Are the Beloofs I Have About You, Perhaps the Beloofs I Have About Me?

Buddah picture and quoteI believe we are at crucial moment in our development as a species. I suppose I believe that every moment is a crucial moment in my own personal development as a human being, so of course it follows that I believe every moment is crucial in our development as human inhabitants of the planet. We have been at this moment innumerable times before.

This quote by an unknown author begins with a perfectly reasonable statement, and ends with one that seems confusing and non-sensical. First, “I am not what you think I am.” How many times have I felt misjudged by another. When my father called me “unpatriotic” in my objections to the Vietnam war, I knew I was not what he thought I was. But It still hurt me deeply that he held such a beloof about who I was at my core.

But then, “You are what you think I am.” What? Is that even grammatically correct? Was my father being “unpatriotic’ when he judged me as unpatriotic? Perhaps; at the time, I found his judgment of me to be closed-minded and rigid. And I suppose one might judge being closed-minded and rigid as being unpatriotic. But was I not practicing the same process of “you are what you think I am”  with my father? Were we not projecting onto each other?

I heard one of our candidates who wishes to lead our nation utter the words, “he is a horrible human being” speaking about one of the other candidates. “You are what you think I am.” Hmmm. So the speaker of the phrase is a horrible human being? Or does the speaker unconsciously believe himself to be a horrible human being? Only he knows, and now I am more confused than ever.

The truth about projection cannot be summed up or understood in two simple sentences. Hell, Carl Jung and others have written volumes on the subject. Here are two quotes from Jung that I find helpful in trying to understand our unknown author from the quote in the picture:

“The meeting of two personalities is like the contact of two chemical substances: if there is any reaction, both are transformed.”
― C.G. Jung

My father passed away in 1992 at the age of 80. We had been two volatile chemical substances; he a lifelong civilian employee of the Air Force who designed weaponry for three different wars, and me a hippie anti-war protestor and pacifist growing up in a post holocaust era. Before my father died, the chemical reaction between us had transformed us. We stopped defining each other and returned to just loving each other.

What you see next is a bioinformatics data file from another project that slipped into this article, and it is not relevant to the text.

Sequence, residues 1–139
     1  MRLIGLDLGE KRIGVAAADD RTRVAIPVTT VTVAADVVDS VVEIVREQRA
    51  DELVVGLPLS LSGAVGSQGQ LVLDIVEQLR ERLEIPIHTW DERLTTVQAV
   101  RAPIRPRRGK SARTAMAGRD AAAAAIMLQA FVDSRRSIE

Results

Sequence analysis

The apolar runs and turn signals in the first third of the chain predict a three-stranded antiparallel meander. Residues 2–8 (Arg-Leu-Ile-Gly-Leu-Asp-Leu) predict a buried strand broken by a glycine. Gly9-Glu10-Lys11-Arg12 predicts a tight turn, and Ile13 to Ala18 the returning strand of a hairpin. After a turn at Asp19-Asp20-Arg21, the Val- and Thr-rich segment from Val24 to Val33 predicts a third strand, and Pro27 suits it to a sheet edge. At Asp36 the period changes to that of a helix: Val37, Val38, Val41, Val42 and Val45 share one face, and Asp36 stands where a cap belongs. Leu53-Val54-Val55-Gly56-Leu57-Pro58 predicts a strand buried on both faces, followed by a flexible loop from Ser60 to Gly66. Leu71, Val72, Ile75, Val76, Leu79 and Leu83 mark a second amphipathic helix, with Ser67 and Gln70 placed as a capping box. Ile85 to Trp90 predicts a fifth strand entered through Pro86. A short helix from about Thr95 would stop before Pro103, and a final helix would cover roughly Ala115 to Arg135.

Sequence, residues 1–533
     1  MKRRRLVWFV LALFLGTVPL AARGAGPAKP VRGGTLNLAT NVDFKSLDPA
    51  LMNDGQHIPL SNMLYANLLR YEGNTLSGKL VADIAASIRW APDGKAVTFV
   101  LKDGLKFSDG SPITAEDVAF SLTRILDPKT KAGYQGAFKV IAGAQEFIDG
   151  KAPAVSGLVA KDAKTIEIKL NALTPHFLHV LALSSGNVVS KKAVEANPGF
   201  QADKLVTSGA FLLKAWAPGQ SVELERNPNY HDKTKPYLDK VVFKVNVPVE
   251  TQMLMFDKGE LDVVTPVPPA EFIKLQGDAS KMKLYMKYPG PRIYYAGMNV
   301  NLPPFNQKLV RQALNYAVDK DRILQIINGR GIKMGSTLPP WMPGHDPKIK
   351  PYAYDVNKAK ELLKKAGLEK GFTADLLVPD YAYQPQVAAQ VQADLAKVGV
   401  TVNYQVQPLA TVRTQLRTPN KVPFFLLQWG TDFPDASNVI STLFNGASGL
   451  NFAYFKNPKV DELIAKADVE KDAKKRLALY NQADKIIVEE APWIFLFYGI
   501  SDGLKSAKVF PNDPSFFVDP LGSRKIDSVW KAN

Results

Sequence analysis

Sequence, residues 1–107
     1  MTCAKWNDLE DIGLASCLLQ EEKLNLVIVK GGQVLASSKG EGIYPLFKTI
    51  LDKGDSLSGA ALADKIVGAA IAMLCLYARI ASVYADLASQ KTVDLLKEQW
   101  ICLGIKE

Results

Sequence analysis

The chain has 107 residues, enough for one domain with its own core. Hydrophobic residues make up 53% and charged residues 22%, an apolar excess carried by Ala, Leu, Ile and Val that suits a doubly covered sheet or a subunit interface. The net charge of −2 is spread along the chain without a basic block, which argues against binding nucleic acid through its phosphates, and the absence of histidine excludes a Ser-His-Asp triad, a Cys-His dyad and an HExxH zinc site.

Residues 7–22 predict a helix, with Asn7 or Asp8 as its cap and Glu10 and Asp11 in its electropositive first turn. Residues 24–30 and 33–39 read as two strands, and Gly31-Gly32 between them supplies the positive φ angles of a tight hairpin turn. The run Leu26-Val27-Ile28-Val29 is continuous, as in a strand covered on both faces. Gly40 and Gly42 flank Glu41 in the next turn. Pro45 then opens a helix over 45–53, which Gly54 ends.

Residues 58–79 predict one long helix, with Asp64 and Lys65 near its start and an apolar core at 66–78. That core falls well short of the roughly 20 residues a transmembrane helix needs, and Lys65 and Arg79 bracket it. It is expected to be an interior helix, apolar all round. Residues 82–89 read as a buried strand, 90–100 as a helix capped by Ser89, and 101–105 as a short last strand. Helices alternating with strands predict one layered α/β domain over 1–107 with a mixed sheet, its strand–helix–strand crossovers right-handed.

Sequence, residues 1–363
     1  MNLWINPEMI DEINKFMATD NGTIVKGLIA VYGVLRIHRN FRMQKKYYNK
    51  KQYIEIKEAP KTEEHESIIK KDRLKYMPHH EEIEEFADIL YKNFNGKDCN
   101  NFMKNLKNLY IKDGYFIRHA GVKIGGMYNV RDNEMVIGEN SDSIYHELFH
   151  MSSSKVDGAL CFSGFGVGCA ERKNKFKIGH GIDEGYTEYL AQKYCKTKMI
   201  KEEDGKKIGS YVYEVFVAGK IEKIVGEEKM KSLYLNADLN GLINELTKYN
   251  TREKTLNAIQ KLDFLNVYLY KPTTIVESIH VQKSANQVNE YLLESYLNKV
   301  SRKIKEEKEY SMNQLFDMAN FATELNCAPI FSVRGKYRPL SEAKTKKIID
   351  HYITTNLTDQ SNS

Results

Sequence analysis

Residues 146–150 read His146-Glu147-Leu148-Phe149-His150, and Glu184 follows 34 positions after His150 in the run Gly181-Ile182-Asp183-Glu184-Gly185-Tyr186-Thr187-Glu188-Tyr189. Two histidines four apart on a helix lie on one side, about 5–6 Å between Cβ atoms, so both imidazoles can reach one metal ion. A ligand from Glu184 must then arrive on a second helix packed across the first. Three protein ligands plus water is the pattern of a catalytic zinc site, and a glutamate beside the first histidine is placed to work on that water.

“Everything that irritates us about others can lead us to an understanding of ourselves.”
― C.G. Jung

So the politician who said, “he is a horrible human being” is obviously irritated by his rival. If we apply “you are what you think I am” to his judgment, he may or may not a horrible human being himself, or even unconsciously believe himself to be a horrible human being. Jung would say that if the politician were to examine his judgment about his rival at a deeper level, he could reach a deeper understanding about himself. Unfortunately, I believe his intent is to win an election, and not reach a deeper understanding about himself.

So here are my thoughts on the quote: I don’t care what you think I am – as long as I know who I am. That’s the hard part – being who I am and showing my authentic self. What you think of me is none of my business. And furthermore, I don’t know who you are behind your mask of projection unless you take it off and show me your authentic self. When we are being our authentic selves without judgment, the reaction between the two chemical substances is predictable; it is love.

Can you imagine a moment in time when each and every one of us ceases to hold judgments of others, whether spoken or in thought? A time when people stop defining each other and accept each other at face value? Sure, we need to discern when we are unsafe and someone seeks to do us harm. But that’s a process of discernment, not judgment.

Here is the mantra I choose to repeat to my self whenever I feel I am being defined by another, or acting in a way that defines another:

In every moment, and in every encounter, may I release from the judgments I hold towards others so I can release from the judgments I hold towards myself, and in every moment and in every encounter may I hold others and myself in brilliant light and loving grace.

In every moment, and in every encounter, may I release from the judgments I hold towards others so I can release from the judgments I hold towards myself, and in every moment and in every encounter may I hold others and myself in brilliant light and loving grace.

In every moment, and in every encounter, may I release from the judgments I hold towards others so I can release from the judgments I hold towards myself, and in every moment and in every encounter may I hold others and myself in brilliant light and loving grace.

In loving memory of my father, Jacob, who passed from this world on February 21, 1992.

2 thoughts on “Are the Beloofs I Have About You, Perhaps the Beloofs I Have About Me?”

  1. The engine turning this seems to be father. Today, moments ago, I attributed “unfinished business” to the father-son relationship of one of my characters in a new novel. The character who has this problem is modelled on a friend of mine in the Navy, Mike (an echo to the war you mention, and family members taking sides on it).

    Death comes into the picture here, too. Mike died 11 years ago, seemingly at his own hand. Details of that are scarce across time and space, but Mike tracked along behind me in similar life experiences. I took the road he did not.

    Projections? For sure. Like a pinwheel.

    1. Thanks for including your personal story. I’m so sorry for the loss of Mike. We now have twice as many Vietnam related suicides than direct war casualties.

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